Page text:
Arctic Human Development Report

Regional Processes and Global Linkages

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The goals of the second volume of the AHDR – Arctic Human Development Report: Regional Processes and Global Linkages – are to provide an update to the first AHDR (2004) in terms of an assessment of the state of Arctic human development; to highlight the major trends and changes unfolding related to the various issues and thematic areas of human development in the Arctic over the past decade; and, based on this assessment, to identify policy relevant conclusions and key gaps in knowledge, new and emerging Arctic success stories.



Legal Systems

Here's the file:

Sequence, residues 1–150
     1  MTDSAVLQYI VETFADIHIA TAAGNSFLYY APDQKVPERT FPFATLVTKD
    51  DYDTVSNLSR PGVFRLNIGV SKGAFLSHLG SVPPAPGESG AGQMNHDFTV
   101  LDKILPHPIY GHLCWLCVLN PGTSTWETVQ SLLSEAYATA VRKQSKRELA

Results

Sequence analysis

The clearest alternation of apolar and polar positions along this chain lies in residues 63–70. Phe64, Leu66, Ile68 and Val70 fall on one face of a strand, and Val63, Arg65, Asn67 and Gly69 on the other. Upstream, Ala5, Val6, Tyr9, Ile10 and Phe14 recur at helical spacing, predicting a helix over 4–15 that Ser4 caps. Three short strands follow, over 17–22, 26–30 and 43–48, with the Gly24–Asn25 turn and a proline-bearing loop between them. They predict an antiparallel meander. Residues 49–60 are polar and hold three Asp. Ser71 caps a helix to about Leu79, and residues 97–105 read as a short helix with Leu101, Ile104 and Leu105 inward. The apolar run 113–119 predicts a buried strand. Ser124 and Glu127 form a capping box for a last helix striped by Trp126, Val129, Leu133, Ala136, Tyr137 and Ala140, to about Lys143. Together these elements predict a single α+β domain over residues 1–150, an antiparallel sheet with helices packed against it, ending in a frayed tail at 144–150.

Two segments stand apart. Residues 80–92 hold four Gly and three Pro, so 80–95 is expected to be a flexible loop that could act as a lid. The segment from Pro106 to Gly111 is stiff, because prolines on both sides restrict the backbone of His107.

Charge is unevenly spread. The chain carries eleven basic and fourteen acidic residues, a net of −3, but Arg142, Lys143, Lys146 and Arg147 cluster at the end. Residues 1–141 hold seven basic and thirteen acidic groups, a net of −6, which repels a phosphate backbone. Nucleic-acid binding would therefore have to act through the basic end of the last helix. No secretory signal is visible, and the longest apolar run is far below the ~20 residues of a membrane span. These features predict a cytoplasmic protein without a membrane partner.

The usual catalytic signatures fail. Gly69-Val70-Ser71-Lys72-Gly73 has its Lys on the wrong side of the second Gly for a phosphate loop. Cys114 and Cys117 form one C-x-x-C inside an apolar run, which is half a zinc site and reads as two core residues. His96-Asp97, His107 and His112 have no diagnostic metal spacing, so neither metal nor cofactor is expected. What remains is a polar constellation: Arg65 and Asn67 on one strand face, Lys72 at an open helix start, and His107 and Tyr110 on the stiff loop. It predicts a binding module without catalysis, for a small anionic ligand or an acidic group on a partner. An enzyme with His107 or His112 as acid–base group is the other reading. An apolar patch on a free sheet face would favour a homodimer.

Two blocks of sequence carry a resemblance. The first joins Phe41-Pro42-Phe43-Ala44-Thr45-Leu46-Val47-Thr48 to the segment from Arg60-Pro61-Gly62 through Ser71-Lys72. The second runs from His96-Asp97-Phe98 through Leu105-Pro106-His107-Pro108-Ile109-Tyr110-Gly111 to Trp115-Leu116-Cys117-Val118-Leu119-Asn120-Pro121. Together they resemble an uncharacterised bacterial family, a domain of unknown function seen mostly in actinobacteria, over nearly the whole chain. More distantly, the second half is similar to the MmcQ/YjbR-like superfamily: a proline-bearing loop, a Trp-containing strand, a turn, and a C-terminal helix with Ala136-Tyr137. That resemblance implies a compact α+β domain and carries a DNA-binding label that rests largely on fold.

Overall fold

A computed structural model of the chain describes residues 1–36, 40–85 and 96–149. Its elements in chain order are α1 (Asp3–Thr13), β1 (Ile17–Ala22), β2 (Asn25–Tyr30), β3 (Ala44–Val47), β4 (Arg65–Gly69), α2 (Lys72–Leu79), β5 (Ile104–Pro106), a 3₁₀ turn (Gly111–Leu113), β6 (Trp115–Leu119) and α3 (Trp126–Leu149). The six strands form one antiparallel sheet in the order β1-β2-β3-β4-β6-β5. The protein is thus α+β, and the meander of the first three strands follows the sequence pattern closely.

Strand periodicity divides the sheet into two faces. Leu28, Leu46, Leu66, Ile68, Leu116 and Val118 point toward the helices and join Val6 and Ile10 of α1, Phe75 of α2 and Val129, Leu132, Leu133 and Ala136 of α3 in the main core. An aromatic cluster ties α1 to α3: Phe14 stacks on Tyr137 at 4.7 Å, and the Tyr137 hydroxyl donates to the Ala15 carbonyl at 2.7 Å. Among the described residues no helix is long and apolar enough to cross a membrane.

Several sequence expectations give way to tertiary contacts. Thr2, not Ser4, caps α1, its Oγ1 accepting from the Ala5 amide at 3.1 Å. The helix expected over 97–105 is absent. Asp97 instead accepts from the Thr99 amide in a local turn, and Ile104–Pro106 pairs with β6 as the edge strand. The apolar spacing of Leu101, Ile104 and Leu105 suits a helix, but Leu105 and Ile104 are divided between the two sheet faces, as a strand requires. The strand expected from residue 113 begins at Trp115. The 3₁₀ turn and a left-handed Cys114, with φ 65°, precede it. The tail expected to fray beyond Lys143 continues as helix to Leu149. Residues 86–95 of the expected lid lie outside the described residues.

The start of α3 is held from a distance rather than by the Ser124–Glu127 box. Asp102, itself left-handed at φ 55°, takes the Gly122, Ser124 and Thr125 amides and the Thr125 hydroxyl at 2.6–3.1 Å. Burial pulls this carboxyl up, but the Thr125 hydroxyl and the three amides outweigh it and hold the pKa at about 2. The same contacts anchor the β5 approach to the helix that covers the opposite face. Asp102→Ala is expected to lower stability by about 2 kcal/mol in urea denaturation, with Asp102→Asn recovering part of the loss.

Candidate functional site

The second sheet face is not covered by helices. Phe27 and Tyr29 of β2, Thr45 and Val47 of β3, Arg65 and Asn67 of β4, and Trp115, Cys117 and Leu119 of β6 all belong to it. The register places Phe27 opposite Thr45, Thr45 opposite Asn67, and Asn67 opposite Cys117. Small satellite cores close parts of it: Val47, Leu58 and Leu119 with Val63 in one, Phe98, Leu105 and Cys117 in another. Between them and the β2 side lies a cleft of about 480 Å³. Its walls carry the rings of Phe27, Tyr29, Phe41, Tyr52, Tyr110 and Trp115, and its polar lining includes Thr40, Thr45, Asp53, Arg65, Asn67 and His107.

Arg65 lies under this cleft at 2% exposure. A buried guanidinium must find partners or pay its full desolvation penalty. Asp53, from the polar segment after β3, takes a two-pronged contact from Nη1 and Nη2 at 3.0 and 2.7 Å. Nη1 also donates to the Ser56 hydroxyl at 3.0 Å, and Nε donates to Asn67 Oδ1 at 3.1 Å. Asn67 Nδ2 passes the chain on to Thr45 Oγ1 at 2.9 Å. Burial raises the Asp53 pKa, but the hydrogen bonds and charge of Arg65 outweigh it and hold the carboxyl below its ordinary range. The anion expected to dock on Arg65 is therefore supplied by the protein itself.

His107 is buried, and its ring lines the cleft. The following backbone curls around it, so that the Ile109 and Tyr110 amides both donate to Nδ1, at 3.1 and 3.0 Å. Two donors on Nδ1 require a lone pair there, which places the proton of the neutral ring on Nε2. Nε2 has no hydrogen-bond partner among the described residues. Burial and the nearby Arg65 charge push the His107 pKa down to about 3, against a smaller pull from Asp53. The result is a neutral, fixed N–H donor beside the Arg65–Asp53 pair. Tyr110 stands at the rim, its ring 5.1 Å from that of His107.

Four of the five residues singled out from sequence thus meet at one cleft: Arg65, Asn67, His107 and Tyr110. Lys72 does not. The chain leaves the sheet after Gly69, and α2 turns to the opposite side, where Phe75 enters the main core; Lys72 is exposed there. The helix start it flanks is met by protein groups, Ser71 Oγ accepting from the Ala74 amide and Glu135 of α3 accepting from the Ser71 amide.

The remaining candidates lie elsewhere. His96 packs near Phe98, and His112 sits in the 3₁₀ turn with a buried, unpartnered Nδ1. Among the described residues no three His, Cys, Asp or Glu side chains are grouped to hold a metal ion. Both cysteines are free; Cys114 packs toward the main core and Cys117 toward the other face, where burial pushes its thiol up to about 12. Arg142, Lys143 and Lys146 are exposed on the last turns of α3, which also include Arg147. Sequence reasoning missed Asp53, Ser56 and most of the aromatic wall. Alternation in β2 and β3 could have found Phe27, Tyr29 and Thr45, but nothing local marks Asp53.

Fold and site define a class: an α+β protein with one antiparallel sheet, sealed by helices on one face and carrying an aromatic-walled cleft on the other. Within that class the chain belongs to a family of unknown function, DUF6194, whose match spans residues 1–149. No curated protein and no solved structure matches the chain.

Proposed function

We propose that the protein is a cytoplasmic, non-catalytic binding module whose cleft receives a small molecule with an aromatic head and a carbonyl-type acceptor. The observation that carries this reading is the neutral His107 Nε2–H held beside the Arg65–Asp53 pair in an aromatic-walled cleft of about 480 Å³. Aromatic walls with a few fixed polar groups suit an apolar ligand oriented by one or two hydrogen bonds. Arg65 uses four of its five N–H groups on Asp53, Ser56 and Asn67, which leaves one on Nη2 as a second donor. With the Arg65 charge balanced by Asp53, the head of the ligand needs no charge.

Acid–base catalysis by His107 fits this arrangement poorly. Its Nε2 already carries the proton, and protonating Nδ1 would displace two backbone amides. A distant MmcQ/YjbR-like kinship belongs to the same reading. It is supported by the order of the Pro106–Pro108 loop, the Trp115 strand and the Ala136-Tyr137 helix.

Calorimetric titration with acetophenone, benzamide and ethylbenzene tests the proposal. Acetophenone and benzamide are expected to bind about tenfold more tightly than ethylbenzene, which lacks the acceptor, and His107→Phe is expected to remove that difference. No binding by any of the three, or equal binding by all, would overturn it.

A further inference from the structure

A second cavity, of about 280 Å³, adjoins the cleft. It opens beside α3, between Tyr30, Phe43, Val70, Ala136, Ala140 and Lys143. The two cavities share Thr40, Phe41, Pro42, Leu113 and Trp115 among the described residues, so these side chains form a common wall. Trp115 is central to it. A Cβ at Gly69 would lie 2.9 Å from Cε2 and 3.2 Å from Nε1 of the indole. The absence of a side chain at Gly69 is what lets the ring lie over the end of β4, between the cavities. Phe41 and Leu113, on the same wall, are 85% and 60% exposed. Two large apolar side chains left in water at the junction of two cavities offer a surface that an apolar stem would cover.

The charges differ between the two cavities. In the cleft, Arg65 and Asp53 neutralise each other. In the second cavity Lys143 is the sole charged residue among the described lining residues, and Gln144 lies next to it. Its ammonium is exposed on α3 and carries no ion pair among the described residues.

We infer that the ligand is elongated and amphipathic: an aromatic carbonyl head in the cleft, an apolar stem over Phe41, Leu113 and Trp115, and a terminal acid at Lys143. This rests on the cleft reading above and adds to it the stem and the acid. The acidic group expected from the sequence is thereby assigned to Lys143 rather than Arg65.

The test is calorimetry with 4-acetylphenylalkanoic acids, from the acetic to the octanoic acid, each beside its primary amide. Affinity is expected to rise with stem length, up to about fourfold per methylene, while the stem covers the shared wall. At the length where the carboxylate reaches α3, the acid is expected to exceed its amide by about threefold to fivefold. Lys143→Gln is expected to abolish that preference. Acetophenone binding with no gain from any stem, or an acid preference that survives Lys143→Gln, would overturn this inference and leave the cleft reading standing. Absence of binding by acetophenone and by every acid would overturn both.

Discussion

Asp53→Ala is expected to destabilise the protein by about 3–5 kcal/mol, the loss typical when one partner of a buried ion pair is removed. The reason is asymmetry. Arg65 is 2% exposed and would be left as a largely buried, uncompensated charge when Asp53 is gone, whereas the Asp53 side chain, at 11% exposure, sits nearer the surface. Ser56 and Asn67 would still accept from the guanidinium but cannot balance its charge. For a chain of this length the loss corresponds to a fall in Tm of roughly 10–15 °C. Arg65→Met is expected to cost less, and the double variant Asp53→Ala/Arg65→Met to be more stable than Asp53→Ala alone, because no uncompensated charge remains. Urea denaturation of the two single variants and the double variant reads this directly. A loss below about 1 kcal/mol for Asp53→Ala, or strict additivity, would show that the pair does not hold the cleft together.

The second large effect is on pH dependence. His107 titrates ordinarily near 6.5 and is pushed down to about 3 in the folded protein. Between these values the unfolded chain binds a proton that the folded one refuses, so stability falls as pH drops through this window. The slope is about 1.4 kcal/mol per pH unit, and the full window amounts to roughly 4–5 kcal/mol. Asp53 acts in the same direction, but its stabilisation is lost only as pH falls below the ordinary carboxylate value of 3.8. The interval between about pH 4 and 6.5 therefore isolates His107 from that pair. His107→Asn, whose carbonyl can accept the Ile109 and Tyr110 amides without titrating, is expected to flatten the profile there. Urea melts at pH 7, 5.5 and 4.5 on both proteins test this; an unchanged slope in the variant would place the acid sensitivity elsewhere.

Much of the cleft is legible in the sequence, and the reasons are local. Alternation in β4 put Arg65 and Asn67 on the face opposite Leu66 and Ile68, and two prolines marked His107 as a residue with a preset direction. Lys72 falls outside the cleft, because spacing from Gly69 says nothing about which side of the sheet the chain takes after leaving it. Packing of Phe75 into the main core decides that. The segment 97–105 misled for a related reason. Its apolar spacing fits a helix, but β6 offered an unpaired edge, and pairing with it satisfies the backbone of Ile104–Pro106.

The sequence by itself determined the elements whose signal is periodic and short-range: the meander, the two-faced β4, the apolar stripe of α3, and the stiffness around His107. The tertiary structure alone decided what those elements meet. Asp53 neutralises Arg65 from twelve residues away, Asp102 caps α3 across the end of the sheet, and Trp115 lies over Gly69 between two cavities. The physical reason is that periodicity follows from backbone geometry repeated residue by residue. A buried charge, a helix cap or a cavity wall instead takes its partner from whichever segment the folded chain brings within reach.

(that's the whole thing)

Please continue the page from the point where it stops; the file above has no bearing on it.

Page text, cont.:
The formal legal systems of the Arctic comprise the legal systems of the eight nation states (including the Danish autonomous territories of Greenland and the Faroe Islands), of which three are federal states (with law-making powers devolved in varying degrees to their northern subunits) and five are unitary states. Greenland has a distinctive status, having opted for Self-Rule in 2009. Global and regional norms of international law are also significant, as are the norms of the European Union (EU) that bind Finland and Sweden as member states. In addition, as members of the European Economic Area (EEA) Agreement Norway and Iceland apply many EU norms. A more pluralist account of legal systems includes less formal arrangements such as the customary norms of Indigenous peoples (Watson Hamilton, 2013; Webber, 2013). There is a dynamic interaction between these different normative systems.


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